“What the Movement did for Lowndes County was help people obtain their right to vote,” Catherine Flowers explained. While the Lowndes County Freedom Organization succeeded in putting Black officials in elected office, economic challenges and entrenched inequality remain the reality for Lowndes County and the rest of the Alabama Black Belt. People like Lowndes-natives like Catherine Flowers and Lillian McGill, and former SNCC staffers, like Wendell Paris and C.J. Jones, continued in the fight for change, from the 1970s all the way through the present.
But the Lowndes County experience was what really convinced C.J. Jones to stay in the South and work, that there was plenty potential here.” –Wendell Paris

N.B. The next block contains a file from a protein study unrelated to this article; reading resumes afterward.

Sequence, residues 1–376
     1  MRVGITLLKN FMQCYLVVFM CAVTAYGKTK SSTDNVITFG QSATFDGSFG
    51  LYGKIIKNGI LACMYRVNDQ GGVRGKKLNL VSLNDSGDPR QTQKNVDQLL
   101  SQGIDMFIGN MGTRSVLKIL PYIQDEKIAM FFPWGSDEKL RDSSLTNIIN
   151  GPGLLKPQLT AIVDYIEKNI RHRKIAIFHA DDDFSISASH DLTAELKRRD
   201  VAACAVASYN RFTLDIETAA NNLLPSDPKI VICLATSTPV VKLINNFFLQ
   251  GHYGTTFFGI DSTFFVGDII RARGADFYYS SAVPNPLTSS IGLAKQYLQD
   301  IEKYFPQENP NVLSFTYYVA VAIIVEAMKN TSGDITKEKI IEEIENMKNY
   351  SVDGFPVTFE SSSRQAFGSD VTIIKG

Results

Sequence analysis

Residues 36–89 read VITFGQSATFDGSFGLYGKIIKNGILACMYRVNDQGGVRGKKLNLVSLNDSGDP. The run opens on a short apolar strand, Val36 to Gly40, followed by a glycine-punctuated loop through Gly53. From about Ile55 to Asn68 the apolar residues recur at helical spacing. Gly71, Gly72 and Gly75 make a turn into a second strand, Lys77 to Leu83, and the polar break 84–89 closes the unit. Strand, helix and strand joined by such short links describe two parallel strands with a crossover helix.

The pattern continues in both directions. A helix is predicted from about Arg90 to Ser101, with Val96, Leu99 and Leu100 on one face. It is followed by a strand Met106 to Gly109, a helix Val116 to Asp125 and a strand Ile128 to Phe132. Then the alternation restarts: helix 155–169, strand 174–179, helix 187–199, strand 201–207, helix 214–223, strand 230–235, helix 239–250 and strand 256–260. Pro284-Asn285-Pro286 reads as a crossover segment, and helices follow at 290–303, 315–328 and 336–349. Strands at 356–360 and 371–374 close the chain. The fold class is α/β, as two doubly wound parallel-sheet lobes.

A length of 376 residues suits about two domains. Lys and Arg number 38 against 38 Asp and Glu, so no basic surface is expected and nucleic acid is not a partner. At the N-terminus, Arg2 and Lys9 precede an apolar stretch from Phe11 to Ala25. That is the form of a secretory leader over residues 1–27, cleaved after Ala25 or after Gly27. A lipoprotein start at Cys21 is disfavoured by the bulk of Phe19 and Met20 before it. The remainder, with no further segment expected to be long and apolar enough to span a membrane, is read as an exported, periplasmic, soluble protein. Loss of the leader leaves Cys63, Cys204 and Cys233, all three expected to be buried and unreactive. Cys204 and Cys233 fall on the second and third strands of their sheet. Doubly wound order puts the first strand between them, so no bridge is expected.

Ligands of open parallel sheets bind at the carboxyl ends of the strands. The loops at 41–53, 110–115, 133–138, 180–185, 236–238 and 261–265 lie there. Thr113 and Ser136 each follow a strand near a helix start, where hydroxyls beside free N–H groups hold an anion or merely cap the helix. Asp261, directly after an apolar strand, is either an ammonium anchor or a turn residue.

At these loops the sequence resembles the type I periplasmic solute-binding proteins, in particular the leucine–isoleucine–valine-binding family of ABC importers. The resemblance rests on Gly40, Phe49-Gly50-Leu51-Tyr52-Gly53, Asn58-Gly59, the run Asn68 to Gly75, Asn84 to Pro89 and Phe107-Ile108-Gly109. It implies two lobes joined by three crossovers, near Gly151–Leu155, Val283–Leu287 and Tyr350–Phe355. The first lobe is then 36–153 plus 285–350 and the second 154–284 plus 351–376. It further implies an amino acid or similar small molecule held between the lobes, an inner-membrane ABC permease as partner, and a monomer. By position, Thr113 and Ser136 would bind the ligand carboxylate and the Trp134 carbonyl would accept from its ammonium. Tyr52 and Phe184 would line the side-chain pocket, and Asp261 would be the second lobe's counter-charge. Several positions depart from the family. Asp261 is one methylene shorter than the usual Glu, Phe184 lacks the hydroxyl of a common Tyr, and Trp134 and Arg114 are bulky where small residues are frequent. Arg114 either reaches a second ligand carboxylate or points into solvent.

Catherine Flowers moved back home in 2000 and began using connections she had made in Washington, D.C. and through her work as a teacher to open doors for Lowndes County. But she always made sure she was tapped into the needs of the community, something that she had learned from SNCC. Her initial economic development efforts led her to environmental justice work after she witnessed the problems with expensive, faulty septic systems and raw sewage that plagued many of the county’s poor Black residents. “It was real clear that there was not going to be any sustainable economic development until we addressed these issues,” she explained. Flowers founded the Alabama Center for Rural Enterprise, which targeted the root causes of poverty.
People in Lowndes County have the wherewithal to do whatever they allow us to do, but we’re not waiting on them to find solutions.” -Catherine Flowers
Flowers’ current work in Lowndes County is deeply rooted in the Movement. “Anytime I hear the Black Panther, I feel pride,” she explained.